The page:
It’s late afternoon on a picture-perfect day in Port Huron, Michigan. Having finished my work, I drove to this long strip of green along the St. Clair River, just across the choppy water from Canada.
I pinpointed this park because of the impressive Blue Water Bridge that spans the border between the countries. I’d like to muse on bridges today – in particular, how to build connections to other people.
Thomas Edison would probably say to work hard at it. Not that he had relationship advice. (Nor anything approximating insight into spiritual matters.) But Edison, who lived here as a boy, believed innovation came from an abundance of ideas.
It’s odd, I know, to think that connecting to people requires innovative thinking. But it does. Over the years, I’ve found churches to be like this sculpture of a bouncing ball, requiring a range of creative attempts to break into the insulated core of friendships. It’s tricky just finding ways to engage with people beyond a Sunday morning greeting.
It can be hard work. I have found Edison’s maxim about genius to be true for building relationships, even within the body of Christ. It’s “1 percent inspiration and 99 percent perspiration.”
As I walk on, I’m reminded that I’m on the border. Not only are both flags flying here on the American side of the river, but they are mirrored on the Canadian shore. It’s a reminder, as well, of my own dual heritage, being a child of Canadian parents who became American citizens.
And this, naturally, nudges me to think about our spiritual reality. In Jesus’s prayer in John 17, he speaks to the Father of the tension between his disciples’ heavenly citizenship and earthly mission:
“they are not of the world any more than I am of the world… As you sent me into the world, I have sent them into the world.” (John 17:14-18)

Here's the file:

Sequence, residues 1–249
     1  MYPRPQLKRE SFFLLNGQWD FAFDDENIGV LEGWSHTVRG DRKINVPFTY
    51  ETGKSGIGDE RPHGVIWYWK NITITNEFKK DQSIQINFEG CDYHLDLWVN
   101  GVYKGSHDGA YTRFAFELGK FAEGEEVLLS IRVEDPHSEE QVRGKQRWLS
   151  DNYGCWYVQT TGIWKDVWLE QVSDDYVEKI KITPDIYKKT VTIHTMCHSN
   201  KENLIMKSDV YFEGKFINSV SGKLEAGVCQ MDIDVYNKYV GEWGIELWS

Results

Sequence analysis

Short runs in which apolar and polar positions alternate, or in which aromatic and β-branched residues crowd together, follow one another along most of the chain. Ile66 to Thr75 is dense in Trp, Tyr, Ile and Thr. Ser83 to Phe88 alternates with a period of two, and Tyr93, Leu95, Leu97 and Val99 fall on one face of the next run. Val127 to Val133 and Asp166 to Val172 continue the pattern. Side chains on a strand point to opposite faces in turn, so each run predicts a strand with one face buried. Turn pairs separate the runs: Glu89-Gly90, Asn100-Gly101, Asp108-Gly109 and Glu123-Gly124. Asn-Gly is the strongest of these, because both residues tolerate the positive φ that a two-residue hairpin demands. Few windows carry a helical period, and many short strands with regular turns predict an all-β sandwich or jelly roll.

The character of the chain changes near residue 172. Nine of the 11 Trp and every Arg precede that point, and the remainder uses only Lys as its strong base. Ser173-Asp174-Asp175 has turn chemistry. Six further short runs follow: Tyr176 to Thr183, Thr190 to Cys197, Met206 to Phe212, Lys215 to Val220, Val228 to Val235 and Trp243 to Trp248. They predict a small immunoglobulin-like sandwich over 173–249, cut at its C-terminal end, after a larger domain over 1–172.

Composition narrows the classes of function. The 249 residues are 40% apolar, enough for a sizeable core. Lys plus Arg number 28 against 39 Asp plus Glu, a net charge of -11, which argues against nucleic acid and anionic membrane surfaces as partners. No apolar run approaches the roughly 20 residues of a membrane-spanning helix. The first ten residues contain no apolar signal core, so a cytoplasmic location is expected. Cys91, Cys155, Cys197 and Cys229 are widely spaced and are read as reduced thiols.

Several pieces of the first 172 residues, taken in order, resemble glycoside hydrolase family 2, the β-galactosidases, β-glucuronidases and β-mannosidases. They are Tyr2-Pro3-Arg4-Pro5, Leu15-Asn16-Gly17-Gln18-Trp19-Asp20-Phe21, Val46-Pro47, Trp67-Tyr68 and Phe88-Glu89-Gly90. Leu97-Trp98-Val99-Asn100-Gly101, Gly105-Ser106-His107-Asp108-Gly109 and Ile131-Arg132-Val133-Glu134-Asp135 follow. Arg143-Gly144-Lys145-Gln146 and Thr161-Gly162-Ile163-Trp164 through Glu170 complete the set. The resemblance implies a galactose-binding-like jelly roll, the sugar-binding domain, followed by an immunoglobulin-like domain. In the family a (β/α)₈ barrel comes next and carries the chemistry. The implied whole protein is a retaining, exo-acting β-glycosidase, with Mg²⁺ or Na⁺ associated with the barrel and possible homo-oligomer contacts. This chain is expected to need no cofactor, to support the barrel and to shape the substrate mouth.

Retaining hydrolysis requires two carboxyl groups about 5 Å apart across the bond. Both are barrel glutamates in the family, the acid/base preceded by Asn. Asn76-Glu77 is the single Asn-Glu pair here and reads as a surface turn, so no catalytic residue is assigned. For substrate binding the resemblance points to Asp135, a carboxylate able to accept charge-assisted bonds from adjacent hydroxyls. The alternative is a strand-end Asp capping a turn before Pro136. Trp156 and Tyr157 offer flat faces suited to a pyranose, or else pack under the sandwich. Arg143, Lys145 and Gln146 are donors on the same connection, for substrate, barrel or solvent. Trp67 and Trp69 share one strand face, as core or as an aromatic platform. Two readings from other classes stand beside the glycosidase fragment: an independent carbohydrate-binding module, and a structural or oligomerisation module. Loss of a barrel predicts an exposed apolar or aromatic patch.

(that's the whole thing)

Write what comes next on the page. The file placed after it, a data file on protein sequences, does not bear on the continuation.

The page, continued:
Every believer lives in this tension. We are called to engage a fallen world, but our citizenship is in heaven (Phil 3:20). And every Christian struggles, to one degree or another, with living that out. I know I do. This blog is an imperfect effort to traverse that gap by forcing myself to hear God speaking through the world around me
That common struggle helps me in my bridge-building. It provides shared ground and an abundance of grace. We all understand our identity in Christ imperfectly and live it out inconsistently. Not that it’s easy to get to this level of conversation on a typical Sunday morning, but all of our lives are framed by this pursuit.
I look back. The bridge is impressive, closing the gap between the countries in a streamlined reach. Jesus spanned the huge void between heaven and a rebellious earth just as completely, becoming the perfect, obedient human we could never have become.
And now, living in and through us, he is still building bridges.
One conversation at a time.
Lord, give us perseverance and creativity as we seek to connect to others around us. Keep reminding us of how much you did to connect us back to God.
Reader: What have you found that works for building bridges to others? I’d love to hear your thoughts.